Last week, I was at Lancaster University to help give a talk on drug policy to a group of third year criminology students taught by Fiona Measham. One of the things that we did was to hand out pieces of paper and ask the lecture theatre if they could define the purpose of drug policy. The responses we got were broad and revealing, I feel.

There were two main responses, which were evenly matched in numbers. The first was “the purpose of drug policy is to prevent harm”, which is excellent. The whole raison d’etre of Re:Vision Drug Policy Network is of course to promote harm reduction as the main purpose of drug policy, so it is good to know that there’s a receptive audience already out there on campuses.

The second main response, however, “the purpose of drug policy is to prevent harm, so they should be banned to keep people away from drugs.” Obviously I totally agree with the first part of that statement. But the corollary is what is assumed by mainstream public discourse to be the logical next step – and that just doesn’t follow. What is a law? It’s a socially accepted convention that we obey that regulates our community. Banning a drug doesn’t stop anyone taking them, any more than banning murder prevents people killing other people. However, we ban murder to prevent harm to others and we enforce these laws; supposedly we ban drugs to prevent harm to ourselves. It’s important to remember that just by saying something is illegal doesn’t stop people doing it – if they weren’t doing it there wouldn’t be a law against it (there’s no law against dragon-hunting, for example). But everybody’s crime is nobody’s crime: up to a third of the UK population have taken an illegal substance. Is it it really a workable law when so many people are taking drugs (up to one million people take MDMA every week) and are neither punished, nor harmed (so 52 million MDMA trips, 10 deaths – it really is safer for you than horse-riding)? One has therefore to consider what harms are done by drugs and whether those harms are reduced by the fact that drugs are criminalised or not. I won’t go into the details here, but The Transform Drug Policy Foundation has an extensive briefing vault demonstrating that the dangers of drugs are enhanced by prohibition rather than helped, through associated violence, health implications, and the fact that people in trouble won’t engage with public services because they’re afraid of being arrested. Drugs can be dangerous, but so can sky-diving. We don’t ban sky-diving, we regulate it. Maybe we should do the same with drugs.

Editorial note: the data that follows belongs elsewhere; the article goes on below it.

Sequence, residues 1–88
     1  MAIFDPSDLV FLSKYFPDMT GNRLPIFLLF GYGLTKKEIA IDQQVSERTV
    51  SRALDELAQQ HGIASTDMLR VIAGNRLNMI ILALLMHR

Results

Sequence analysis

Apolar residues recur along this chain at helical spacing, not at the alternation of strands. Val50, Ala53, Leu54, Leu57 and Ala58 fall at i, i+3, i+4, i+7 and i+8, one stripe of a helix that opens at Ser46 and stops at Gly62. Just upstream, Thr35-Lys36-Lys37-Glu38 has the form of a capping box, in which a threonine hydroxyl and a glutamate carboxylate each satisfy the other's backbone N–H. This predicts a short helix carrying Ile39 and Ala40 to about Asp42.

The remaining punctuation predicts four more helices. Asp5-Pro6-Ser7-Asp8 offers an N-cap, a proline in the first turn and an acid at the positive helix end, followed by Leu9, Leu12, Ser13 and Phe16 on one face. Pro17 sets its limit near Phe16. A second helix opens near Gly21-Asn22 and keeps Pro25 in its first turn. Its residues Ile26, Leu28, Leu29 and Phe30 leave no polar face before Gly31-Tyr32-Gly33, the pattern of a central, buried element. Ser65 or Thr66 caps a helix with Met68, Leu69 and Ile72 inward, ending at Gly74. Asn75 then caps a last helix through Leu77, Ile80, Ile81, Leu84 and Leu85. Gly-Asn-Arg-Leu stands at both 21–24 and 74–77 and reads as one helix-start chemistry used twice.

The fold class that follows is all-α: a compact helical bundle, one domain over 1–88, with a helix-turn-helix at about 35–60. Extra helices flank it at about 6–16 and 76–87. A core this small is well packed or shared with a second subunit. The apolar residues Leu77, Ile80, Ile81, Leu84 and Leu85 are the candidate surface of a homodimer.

Another big response was that the purpose of drug policy was “to inform people about drugs and enable them to make their own choices” and “to encourage people to use drugs sensibly, including alcohol”. Clearly a lot of people were very concerned about the government’s role in educating people about drugs. It’s an interesting point, because the government does run education campaigns now, but which are rarely focussed on giving people information about drugs instead of trying to scare people entirely (Talk to Frank being a good example of this). Given the success of some public information campaigns in the past (everyone knows about their five-a-day), it is clear that the government could play a much bigger role. An unanswered question that remains from this particular response, is if illegal drugs should remain criminalised if people are being left to make their own informed choices.